We obtained 3 sets of original images with different b values for each participant and sent them to the GE Healthcare postprocessing workstation. The images were postprocessed with Function-MADC software to obtain the D, D*, and f pseudo-color images (Figures 2 and 3).

Analysis of IVIM parameters

The comparison of the D, D*, and f values in the b1, b2, and b3 groups indicated that there were no statistically significant differences in the parameters between the b1 and b3 groups (P>0.05), while the parameters of the b1 and b3 groups were statistically significant compared to those of the b2 group (P<0.05) (Table 2). The comparison of the D, D*, and f values of each area of the skull base in the control group and the case group obtained by the b value parameters of the b1 group showed that the D, D*, and f values of the control group in the pars petrosa of the temporal bone (including foramen lacerum) and the corpus of sphenoid bone (including the foramen lacerum) were significantly higher than the case group (P < 0.05), and the f values of the control group in each area of the skull base were significantly higher than the case group (P < 0.05) (Table 3).

 Table 2 

Comparison of D, D*, and f values in the b1, b2, and b3 groups of IVIM-DWI

Parameterb1b2b3b1 vs b2b1 vs b3b2 vs b3
PPP
D1.762±0.6281.343±0.5111.809±0.644< 0.0010.411< 0.001
D*124.075±34.120110.253±38.197119.648±35.265< 0.0010.194< 0.001
f0.293±0.1000.327±0.1280.299±0.1090.0020.6050.008

IVIM-DWI, intravoxel incoherent motion diffusion-weighted imaging.

 Figure 1 

A 57-year-old male with SBI in NPC. A, B, and C show the conventional MRI sequence transverse axial STIR, T1WI, and T1WI-enhanced scan sequences, respectively. The red circle shows the clivus, the left processus pterygoidei, and the parapharyngeal muscle involvement. STIR is slightly hyperintense, T1WI is isointense, and the enhanced scan is significantly enhanced. SBI, skull-base invasion; NPC, nasopharyngeal carcinoma; STIR, short-tau inversion recovery; T1WI, T1-weighted imaging.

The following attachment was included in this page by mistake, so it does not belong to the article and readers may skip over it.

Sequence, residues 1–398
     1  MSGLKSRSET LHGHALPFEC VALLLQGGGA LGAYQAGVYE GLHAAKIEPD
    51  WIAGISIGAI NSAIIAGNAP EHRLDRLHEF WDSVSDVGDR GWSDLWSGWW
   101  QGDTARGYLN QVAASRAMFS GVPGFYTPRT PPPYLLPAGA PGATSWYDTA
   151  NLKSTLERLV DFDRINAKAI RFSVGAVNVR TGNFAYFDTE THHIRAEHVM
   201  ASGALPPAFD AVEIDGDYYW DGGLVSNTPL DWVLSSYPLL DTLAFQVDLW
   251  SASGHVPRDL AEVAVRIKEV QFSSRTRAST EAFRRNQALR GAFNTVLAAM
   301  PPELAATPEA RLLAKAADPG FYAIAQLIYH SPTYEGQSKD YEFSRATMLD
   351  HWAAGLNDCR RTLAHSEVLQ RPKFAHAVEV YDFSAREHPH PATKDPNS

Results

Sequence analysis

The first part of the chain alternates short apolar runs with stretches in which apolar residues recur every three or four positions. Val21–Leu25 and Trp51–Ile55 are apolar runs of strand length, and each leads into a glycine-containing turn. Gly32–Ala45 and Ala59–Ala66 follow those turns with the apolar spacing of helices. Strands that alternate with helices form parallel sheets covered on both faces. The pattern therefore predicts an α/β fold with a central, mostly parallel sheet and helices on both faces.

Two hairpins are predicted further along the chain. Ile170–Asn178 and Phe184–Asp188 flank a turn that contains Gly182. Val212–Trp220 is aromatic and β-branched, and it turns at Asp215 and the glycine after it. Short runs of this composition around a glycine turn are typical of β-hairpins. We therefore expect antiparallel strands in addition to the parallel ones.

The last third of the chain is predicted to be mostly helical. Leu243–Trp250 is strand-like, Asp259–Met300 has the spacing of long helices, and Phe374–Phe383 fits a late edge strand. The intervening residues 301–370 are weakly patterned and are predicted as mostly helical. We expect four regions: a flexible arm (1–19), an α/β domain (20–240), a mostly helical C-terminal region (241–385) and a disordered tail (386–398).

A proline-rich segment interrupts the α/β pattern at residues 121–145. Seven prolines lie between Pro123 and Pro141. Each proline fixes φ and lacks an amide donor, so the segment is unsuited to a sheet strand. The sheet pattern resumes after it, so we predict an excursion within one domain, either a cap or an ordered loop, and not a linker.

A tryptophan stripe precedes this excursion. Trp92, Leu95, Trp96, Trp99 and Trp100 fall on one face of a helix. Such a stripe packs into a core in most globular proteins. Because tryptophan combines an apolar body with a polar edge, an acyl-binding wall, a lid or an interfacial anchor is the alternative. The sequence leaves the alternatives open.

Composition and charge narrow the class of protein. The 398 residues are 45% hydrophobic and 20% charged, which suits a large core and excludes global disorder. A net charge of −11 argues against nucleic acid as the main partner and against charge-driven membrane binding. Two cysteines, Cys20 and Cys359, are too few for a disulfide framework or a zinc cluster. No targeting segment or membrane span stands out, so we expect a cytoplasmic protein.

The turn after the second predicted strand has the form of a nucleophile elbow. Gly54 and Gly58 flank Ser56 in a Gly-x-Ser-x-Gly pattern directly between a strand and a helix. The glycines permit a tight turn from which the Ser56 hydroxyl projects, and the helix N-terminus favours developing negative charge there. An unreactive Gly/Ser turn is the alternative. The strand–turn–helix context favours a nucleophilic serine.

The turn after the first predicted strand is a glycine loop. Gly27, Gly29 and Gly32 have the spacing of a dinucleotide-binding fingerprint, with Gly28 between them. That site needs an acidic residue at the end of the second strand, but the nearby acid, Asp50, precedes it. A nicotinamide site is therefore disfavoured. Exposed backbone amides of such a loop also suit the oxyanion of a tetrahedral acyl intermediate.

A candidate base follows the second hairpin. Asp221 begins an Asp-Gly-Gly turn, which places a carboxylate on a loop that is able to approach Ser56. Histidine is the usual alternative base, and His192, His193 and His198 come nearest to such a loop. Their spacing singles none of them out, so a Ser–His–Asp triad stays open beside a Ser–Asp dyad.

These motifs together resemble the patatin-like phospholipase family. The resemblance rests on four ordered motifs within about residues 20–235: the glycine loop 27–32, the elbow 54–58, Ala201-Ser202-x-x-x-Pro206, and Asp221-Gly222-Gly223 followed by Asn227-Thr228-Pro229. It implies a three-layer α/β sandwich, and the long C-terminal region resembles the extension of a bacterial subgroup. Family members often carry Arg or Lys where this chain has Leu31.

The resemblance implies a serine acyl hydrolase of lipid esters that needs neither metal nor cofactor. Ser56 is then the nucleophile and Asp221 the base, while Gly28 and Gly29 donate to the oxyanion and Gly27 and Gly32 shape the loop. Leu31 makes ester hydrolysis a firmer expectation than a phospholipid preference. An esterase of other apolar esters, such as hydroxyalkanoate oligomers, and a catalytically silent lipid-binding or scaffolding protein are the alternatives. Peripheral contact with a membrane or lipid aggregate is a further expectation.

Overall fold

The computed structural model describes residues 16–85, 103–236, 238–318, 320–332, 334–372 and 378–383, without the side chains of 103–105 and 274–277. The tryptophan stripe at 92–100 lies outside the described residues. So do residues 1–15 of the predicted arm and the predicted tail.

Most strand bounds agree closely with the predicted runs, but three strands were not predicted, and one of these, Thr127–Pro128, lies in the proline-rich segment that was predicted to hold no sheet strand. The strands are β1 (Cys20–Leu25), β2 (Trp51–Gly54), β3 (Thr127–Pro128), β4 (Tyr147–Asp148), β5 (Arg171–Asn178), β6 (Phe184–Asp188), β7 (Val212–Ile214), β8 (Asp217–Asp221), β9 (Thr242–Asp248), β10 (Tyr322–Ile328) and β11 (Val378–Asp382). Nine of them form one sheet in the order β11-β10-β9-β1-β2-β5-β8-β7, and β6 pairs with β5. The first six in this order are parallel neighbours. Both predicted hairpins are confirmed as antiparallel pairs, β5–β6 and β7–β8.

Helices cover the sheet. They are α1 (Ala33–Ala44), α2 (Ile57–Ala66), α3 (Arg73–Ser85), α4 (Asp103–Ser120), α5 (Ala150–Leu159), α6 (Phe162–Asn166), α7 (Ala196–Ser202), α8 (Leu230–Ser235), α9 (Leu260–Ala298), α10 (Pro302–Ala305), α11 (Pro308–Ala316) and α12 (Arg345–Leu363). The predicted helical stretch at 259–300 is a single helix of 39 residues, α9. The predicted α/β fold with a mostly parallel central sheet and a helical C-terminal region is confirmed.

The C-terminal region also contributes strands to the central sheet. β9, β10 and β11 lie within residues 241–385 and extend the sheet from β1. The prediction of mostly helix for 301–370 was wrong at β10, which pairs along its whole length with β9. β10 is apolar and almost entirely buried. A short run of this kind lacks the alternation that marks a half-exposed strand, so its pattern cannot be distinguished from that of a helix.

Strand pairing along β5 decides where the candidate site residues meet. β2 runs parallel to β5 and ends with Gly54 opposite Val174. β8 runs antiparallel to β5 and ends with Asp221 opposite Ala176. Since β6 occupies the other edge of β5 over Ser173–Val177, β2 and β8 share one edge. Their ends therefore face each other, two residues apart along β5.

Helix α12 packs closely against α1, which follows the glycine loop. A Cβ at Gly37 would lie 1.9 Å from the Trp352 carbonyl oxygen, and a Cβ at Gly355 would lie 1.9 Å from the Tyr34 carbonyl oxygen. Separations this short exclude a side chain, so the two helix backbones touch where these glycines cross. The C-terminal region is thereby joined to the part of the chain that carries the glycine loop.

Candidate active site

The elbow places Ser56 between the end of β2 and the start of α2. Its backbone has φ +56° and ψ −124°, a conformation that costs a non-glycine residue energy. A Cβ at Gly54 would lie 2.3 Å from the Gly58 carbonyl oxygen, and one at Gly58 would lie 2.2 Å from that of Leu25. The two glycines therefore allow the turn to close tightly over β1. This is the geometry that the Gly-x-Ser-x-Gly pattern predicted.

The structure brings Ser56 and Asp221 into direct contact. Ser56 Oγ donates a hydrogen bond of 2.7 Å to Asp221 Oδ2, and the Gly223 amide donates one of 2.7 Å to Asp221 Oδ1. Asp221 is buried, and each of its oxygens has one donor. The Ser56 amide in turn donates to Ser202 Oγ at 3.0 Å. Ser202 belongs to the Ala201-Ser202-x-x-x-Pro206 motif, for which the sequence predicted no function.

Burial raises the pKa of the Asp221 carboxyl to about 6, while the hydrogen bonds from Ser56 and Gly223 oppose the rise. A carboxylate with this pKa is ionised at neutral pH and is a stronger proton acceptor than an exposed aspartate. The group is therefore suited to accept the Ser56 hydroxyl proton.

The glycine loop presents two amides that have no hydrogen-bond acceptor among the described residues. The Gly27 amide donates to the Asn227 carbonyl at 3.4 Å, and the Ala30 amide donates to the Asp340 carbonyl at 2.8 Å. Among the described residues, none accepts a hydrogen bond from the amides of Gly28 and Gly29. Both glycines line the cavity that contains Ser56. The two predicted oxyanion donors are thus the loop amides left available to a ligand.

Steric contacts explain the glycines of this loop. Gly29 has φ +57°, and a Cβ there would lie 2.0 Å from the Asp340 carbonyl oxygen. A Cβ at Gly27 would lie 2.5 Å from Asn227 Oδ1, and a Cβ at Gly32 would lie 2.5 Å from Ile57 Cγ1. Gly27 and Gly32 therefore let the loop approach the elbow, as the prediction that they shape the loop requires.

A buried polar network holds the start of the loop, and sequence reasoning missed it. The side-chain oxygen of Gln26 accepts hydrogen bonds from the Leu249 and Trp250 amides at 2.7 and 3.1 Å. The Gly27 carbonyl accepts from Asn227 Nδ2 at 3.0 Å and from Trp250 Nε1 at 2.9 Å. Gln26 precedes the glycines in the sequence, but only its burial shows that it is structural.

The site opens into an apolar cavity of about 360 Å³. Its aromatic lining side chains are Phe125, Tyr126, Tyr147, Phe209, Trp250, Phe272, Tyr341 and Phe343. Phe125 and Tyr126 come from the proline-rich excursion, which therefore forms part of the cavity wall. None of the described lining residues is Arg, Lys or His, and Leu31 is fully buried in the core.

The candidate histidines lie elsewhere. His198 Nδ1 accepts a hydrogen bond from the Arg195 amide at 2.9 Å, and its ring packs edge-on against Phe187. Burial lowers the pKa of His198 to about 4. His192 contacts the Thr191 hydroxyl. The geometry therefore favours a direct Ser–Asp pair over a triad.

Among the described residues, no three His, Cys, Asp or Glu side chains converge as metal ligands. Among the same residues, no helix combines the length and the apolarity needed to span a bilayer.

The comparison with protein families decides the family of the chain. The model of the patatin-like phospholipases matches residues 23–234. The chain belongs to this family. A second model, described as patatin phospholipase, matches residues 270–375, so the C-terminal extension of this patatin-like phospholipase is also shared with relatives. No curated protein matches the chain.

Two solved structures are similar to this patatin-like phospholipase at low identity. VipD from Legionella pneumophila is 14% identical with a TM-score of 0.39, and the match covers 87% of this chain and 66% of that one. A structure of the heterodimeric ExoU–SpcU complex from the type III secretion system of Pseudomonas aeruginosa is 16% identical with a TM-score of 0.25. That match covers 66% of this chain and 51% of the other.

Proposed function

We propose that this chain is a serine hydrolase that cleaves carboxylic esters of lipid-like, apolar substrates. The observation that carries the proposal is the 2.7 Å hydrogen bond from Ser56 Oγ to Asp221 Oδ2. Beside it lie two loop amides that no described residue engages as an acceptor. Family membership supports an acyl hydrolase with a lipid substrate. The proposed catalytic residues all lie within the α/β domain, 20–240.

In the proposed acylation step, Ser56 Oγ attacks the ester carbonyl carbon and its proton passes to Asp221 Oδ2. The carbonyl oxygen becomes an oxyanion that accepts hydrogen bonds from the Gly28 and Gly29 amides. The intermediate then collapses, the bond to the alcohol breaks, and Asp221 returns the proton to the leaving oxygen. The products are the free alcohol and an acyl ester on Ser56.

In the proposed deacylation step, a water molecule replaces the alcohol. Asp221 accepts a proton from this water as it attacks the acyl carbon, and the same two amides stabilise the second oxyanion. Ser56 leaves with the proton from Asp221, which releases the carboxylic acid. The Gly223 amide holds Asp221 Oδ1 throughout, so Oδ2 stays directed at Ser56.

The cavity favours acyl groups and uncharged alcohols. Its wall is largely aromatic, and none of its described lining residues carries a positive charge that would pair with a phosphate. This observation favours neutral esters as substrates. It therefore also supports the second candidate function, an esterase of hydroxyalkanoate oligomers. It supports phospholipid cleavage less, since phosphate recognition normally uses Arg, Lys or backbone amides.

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 Figure 2 

The same patient as that shown in Figure 1. A, B, and C are the pseudo-color images of D, D*, and f, respectively, obtained by postprocessing the IVIM-DWI using the b value of group b1. The white circle shows the involvement of the clivus, the left processus pterygoidei, and the parapharyngeal muscles. The D, D*, and f values are all decreased, and the f pseudo-color map shows the largest involvement range. IVIM-DWI, intravoxel incoherent motion diffusion-weighted imaging.

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 Figure 3 

A 45-year-old male pathologically diagnosed with nasopharyngeal inflammation. A, B, and C are the pseudo-color images of D, D*, and f, respectively, obtained by postprocessing the IVIM-DWI using the b value of group b1, all of which show a uniform and symmetrical color distribution of the paranasal pharynx and skull base. IVIM-DWI, intravoxel incoherent motion diffusion-weighted imaging.

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 Table 3 

Comparison of D, D*, and f values in different measurement areas of the skull base with the b1 value in the control group and the case group

AreaParameterThe control group (n=40)The case group (n=36)P
Pterygopalatine fossa/processus pterygoideiD1.913±0.5191.808±0.6510.501
D*117.808±31.332101.084±40.7990.086
f0.391±0.0720.215±0.075< 0.001
Sinus sphenoidalis/sellar floor/clivusD1.691±0.6201.442±0.4780.101
D*138.994±27.067128.227±33.9990.181
f0.306±0.0530.187±0.078< 0.001
Pars petrosa of the temporal bone (including foramen lacerum)D2.078±0.6771.628±0.6530.016
D*138.407±31.578118.801±36.8030.036
f0.356±0.0580.209±0.051< 0.001
Corpus of sphenoid bone (including foramen ovale)D1.838±0.6621.371±0.3950.015
D*125.652±25.794104.831±34.7860.024
f0.354±0.0670.194±0.072< 0.001